Claude Monet's Gardens at Giverny
The Walled Normandy Garden
The garden that spreads out before Monet’s home is called the Walled Normandy Garden. Roughly 2.5 acres, the garden overflows with flowers scattered here and there along the central walkway. In summer, the walkway would be filled with nasturtium (capucine in French) that blanketed the walkway as they grew. Monet’s garden was never static; at times there were apple, cypress, box, and spruce trees, all of which he would then remove to create a central alley above which metallic arches supported climbing roses.
On either side of the alley, Monet planted beds of flowers where multiple colors and varieties grew and mingled: roses, nasturtium, tulips, poppy, iris, daffodil, peonies, narcissus and daisies to name just a few...
Monet also planted fruit trees such as Japanese cherry and apricot trees.
His passion for gardening was incorporated into his artistic style and influenced the way in which he designed and elaborated his garden. Flowers of varying heights and varieties gave different perspectives and allowed for color play.
Then and now, flowers grow freely in the garden, without constraint, just as Monet preferred to paint: independently and free of imposed societal codes.
The Water Garden
Japan-inspired, the Water Garden was painted by Monet many a time. Monet, fascinated by light and its myriad reflections on water, had white water lilies placed in a small pond -- embellished with flowers -- that he began painting in 1897. Around the pond he chose plants that are found in Japan such as bamboo, weeping willow, wisteria, peony, maple, gingko biloba and lily.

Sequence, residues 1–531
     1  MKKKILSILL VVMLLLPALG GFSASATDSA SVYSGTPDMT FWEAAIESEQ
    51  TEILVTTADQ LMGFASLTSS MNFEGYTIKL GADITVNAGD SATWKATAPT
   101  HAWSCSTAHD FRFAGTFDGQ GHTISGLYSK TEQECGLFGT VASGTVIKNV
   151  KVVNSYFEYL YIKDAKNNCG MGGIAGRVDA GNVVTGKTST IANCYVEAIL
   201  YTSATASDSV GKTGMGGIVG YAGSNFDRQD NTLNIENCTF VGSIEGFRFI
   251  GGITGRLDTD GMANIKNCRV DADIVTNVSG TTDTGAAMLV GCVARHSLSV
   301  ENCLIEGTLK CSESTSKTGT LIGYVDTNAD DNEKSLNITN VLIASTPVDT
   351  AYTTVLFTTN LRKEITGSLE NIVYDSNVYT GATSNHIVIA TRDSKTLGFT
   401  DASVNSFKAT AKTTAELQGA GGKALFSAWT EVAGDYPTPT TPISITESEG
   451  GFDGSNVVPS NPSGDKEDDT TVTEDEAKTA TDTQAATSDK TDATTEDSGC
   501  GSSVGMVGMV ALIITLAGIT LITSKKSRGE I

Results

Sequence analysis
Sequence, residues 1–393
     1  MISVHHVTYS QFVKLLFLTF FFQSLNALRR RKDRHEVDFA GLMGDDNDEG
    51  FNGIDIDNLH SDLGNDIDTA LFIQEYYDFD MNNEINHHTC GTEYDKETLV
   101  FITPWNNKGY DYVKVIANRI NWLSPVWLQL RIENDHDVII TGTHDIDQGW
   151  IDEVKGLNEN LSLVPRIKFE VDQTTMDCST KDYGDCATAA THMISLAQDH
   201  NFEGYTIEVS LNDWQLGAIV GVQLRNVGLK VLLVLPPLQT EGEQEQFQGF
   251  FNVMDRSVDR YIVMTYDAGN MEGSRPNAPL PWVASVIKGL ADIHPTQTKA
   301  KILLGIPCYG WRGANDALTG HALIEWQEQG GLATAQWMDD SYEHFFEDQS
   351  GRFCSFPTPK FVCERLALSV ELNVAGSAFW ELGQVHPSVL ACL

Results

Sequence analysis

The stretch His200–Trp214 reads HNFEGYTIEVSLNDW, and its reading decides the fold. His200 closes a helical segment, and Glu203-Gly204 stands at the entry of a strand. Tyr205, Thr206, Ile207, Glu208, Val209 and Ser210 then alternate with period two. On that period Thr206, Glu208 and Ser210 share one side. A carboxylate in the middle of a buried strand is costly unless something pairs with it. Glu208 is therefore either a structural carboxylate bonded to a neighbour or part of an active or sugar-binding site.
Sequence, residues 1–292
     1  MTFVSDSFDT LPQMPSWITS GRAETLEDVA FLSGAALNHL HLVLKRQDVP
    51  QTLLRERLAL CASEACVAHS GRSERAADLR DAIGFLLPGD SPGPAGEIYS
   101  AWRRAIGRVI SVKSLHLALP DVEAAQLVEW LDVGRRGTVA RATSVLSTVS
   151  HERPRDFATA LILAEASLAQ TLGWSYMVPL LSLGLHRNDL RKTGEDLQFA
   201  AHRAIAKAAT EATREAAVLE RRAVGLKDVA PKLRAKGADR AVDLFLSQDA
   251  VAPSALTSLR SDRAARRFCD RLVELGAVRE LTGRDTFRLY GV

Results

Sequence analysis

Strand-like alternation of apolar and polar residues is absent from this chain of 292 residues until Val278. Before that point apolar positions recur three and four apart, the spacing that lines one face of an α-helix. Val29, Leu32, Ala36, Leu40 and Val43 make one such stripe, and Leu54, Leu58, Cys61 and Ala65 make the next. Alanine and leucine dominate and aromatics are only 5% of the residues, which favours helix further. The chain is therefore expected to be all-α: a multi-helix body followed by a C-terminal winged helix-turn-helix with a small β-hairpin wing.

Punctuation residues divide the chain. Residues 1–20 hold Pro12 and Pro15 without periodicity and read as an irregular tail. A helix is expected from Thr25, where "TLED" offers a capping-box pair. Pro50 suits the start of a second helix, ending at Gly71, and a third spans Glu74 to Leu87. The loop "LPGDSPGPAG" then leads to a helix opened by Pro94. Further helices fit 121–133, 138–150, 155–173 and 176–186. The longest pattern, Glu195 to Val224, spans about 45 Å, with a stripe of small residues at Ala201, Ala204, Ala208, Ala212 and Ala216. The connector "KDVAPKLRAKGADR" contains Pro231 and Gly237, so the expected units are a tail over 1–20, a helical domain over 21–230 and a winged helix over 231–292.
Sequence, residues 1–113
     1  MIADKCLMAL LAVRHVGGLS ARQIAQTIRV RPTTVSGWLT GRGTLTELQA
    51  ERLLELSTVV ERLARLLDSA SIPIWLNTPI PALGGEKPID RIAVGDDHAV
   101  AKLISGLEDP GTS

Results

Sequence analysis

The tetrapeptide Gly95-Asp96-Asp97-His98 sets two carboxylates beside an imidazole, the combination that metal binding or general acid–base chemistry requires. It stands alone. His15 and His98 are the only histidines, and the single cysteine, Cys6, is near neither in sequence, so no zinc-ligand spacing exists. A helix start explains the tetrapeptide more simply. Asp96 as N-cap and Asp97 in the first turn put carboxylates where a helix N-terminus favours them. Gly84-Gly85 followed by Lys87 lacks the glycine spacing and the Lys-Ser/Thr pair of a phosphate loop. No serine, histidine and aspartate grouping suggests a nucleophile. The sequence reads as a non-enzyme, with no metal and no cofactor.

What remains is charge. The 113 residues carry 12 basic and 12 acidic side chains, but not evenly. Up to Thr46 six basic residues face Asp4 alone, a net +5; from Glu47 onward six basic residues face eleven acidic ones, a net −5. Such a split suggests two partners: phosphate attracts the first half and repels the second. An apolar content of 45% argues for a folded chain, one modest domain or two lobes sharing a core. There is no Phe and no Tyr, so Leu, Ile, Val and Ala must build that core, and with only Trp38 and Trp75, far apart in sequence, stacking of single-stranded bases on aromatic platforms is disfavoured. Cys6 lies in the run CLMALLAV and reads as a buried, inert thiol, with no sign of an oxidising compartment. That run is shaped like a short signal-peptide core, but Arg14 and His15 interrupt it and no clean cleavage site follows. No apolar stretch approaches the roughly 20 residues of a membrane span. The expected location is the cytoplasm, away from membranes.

The Japanese Bridge
Monet had several bridges constructed over the pond, the most imposing located on the same axis as the central walkway, the Clos Normand. Not only was this particular bridge inspired by the Japanese prints Monet collected but it was painted green to completely blend in with its surroundings. Made of beech, it would be a huge source of inspiration for Monet and his paintings; the bridge’s curved lines produced a peculiar effect on the water’s surface and between different lights and reflections, the water took on a certain aesthetic appeal depending on the time of day.
Find out more
- The famous Impressionists
- The History of Giverny
- Normandy and the World
- Claude Monet's Biography
- The Impressionism
- Claude Monet’s House and Workshop
- The Impressionist Museum
- The Claude Monet Foundation in Give…
- The Major Works of Claude Monet
- The Orangery Museum
- Famous Impressionist Works
- Giverny in 18 figures